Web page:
28 FEBRUARY 2022
© 2022 Business Travel News Ltd.
It’s been a very tough couple of years for the whole aviation industry.
Much of the attention has been focussed on the airline sector where record losses have been reported and Government bailouts a regular occurrence. There was flexibility for some airlines who were able to redeploy aircraft to other parts of their networks or indeed start new routes in an attempt to stimulate demand. After all, aircraft are portable, airports generally are not!
Airports are a classic fixed asset, heavy on capital equipment and typically always investing in new projects (even if some of those never get to see the light of day). Today’s results from Heathrow are no surprise; fewer passengers than in 2020 when at least there were a few months of ‘normal’ demand at the beginning of the year. Losses of £3.8bn are therefore not surprising and the airport has certainly not endeared itself to airlines with some hefty increases in fees in the last few months. Pride has also been wounded by other airports in Europe recovering faster than Heathrow, and indeed based on current data for March 2022 the airport will rank in 11th place on the global list – however, if only international traffic is counted it moves to second position, but with nearly a million fewer seats than will be operated at Dubai; that’s some gap to close in the coming months!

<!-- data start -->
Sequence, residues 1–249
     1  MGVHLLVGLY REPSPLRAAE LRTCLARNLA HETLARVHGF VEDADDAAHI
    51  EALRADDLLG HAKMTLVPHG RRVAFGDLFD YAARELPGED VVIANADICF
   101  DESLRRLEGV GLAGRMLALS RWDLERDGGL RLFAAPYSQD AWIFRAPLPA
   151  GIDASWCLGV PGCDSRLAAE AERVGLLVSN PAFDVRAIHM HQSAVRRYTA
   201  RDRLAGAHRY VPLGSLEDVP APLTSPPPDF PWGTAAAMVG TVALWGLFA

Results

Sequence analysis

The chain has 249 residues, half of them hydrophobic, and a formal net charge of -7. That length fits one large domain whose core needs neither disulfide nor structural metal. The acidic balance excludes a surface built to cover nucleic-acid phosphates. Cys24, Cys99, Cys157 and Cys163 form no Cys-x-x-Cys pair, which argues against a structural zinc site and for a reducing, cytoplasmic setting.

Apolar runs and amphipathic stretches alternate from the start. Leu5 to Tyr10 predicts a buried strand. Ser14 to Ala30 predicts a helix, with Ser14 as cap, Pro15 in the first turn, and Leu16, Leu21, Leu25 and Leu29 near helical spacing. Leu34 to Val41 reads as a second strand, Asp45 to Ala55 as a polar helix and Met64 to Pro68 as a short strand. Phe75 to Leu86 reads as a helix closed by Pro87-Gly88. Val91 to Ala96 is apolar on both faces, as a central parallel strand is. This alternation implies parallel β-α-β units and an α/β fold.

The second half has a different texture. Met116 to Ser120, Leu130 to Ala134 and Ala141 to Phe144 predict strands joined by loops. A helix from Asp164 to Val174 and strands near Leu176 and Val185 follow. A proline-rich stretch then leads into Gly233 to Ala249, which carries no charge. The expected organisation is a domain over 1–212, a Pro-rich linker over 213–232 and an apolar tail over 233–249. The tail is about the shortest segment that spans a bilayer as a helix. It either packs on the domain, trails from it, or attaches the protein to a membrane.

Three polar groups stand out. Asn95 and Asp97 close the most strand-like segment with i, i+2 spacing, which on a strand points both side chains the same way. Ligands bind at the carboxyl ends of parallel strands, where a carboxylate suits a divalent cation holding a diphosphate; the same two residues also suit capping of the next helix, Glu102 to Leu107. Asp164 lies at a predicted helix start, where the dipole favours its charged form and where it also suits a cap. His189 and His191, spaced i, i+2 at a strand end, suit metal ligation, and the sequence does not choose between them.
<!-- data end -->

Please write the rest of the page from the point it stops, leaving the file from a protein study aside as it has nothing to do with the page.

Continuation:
Things can only get better.
For Heathrow brushing the 2021 performance under the carpet makes sense because things can only get better, and indeed they already are! The easing of all Covid-19 restrictions in the UK from tomorrow is the biggest sign that the industry is recovering, although Heathrow like every other airport remains at the mercy of overseas authorities easing their entry requirements even further.
So, how is the summer shaping up at Heathrow?
The summer 2022 IATA season commences on Sunday 27 March and typically airlines add more and more capacity so that by early June the peak operating programme is in place and airports are crammed with both business and leisure travellers. Unlike previous years there will be some uncertainty from airlines as they watch for any new variants of Covid-19 impacting travel but it looks like Heathrow will be getting back to something near normal levels, at least from a capacity perspective. Current planned capacity for summer 2022 is 29.2m vs 29.6m in summer 2019, a shortfall of less than 2% although we should expect that to shake down a bit. Compared to summer 2020, capacity will have increased fourfold and against last summer nearly tripled…great sound bites for the optimist.
The Editor-in-Chief of Business Travel News adds that the cost of operating at Heathrow can be highlighted by a typical BA New York flight booked for next October presently at remarkable prices. Outbound the fares start from £234 with the return charged at £105. The difference is easily explained. UK government taxes and Heathrow charges.
All comments are filtered to exclude any excesses but the Editor does not have to agree with what is being said. 100 words maximum
Andrew Sharp, United Kingdom
There will be taxes levied by the US too, don't forget.